Red Mount, King’s Lynn: a Calvary in Norfolk?

20 Mar

The Norfolk town of King’s Lynn (formerly Bishop’s Lynn) is a lovely, atmospheric place to stroll around, with its rich medieval heritage – the town had a Hanseatic colony of Baltic traders, and the medieval wharves and lanes can still be seen. It was also the home of Margery Kempe, the fifteenth-century mystic and controversialist whose fascinating Book is one of the earliest examples of women’s literary culture in the English language.


The fifteenth-century Red Mount Chapel or ‘Chapel of Our Lady’, at King’s Lynn has often been overlooked or disregarded, but seems to me to be an aesthetic idea of Calvary. Building work started on it in 1482 and was finished by 1485, with the Chapel being dedicated to the Virgin. The building is octagonal, and as the pictures show, comprised over three levels: a spiral of rooms placed on top of each other. It is built on an artificial mound, just by the town’s wall, between two gates. It would have originally occupied a rural position, outside the town, and indeed it still stands in a green, tranquil space, in a park.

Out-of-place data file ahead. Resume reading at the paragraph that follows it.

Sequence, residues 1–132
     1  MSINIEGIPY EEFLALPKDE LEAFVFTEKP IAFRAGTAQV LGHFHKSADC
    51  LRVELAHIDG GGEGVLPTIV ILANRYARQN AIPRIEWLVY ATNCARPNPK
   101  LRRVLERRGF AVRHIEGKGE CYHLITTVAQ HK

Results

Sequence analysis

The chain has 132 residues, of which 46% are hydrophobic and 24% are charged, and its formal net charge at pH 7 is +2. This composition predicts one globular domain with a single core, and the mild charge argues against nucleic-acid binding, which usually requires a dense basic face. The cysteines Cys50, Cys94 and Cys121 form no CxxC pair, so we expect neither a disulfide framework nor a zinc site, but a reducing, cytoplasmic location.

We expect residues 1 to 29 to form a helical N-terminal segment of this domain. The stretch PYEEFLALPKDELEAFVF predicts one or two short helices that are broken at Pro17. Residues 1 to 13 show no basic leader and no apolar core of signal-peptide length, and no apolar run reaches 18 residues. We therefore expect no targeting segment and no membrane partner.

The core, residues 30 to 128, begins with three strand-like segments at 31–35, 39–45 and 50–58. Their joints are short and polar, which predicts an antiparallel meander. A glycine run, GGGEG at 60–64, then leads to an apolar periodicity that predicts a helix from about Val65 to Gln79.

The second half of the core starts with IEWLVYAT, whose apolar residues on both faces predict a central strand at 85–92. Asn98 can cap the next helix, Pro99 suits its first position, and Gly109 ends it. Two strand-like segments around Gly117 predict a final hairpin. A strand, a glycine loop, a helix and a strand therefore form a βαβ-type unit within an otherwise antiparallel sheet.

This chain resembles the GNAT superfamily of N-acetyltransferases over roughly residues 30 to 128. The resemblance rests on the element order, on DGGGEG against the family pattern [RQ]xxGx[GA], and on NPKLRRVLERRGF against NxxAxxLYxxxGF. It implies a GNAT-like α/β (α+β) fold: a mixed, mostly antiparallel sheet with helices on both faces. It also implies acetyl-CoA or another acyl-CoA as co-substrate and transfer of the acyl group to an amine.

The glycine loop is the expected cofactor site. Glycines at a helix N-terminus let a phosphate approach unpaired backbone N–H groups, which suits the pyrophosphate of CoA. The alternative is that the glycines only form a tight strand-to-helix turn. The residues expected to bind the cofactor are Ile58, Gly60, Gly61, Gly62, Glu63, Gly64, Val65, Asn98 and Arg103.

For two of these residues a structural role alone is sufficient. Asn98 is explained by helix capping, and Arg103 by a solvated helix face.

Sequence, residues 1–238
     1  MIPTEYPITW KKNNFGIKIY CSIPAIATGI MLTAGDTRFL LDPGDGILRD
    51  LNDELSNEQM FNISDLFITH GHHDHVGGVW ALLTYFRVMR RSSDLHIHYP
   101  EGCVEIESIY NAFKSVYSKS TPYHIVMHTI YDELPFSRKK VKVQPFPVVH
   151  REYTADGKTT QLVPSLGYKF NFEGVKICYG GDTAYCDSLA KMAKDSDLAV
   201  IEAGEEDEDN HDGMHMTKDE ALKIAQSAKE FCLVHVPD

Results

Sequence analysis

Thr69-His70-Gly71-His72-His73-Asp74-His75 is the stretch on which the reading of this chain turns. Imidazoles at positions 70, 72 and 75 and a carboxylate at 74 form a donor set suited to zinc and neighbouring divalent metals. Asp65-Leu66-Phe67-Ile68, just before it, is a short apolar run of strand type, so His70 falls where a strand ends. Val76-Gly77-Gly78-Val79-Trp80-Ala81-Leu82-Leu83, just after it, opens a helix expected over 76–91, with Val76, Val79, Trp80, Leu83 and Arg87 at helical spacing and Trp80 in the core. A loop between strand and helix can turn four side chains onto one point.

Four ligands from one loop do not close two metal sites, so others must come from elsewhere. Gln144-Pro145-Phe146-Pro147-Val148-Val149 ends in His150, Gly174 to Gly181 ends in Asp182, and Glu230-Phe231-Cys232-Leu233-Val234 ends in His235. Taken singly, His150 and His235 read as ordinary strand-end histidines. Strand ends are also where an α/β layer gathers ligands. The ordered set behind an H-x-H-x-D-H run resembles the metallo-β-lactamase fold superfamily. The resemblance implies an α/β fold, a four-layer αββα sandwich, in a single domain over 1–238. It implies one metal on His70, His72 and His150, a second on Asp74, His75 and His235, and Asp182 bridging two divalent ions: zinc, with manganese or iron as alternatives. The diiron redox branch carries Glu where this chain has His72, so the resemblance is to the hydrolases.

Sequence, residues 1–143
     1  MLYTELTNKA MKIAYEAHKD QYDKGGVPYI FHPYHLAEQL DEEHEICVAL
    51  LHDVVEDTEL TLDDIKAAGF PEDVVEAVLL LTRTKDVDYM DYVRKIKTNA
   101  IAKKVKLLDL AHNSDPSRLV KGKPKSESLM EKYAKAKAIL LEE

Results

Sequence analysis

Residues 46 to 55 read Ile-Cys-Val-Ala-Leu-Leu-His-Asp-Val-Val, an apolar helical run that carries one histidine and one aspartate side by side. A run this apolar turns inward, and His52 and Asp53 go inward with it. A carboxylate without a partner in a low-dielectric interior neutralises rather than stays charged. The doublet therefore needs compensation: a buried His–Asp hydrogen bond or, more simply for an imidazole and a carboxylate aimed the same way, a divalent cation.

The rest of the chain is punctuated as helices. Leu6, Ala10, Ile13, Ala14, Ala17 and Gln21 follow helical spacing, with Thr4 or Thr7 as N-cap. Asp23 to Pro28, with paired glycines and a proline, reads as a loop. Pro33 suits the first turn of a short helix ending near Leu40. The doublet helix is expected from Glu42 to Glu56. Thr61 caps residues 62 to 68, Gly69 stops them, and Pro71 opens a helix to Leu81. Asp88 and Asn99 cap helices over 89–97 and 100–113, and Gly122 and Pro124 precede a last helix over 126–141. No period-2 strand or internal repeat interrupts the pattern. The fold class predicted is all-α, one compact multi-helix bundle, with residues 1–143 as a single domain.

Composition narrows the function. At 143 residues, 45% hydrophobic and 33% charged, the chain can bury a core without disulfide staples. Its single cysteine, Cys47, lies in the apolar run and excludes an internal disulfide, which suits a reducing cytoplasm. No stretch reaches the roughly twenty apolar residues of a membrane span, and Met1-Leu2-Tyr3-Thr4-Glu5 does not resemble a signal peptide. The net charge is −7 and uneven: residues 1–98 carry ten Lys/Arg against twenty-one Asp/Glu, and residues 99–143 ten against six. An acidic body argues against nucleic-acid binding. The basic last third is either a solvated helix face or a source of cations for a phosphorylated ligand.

The Red Mount Chapel seems too to embody a Passion narrative: located on a mount outside the city walls (like Calvary), and polygonal (like the ‘round’ anastasis at Jerusalem), entered through the basement to a tomb, after which one ascended to a chapel of the Virgin. The polygonal form and the walled setting recall the two basic images of Jerusalem one sees in medieval depictions of Jerusalem. The location accords with the description of Calvary read out of the Gospels, a hill-cum-garden (John19:41) outside the city walls (Hebrews 13:12), ‘the whole valley of dead bodies and of ashes, and all the country of death, even to the torrent Cedron, and the corner of the horse gate towards the east’ (Jeremias 31:40).

And what about the various niches, window shapes, turrets and other forms on the building’s exterior? Any suggestions about what they once held would be very welcome. The top storey was added at a later date, in the early sixteenth century – what might this mean? The interior of the chapel is now inaccessible, but my feeling is that worshippers entered at the base of the building and made their way up, an ascent both spiritual and physical.

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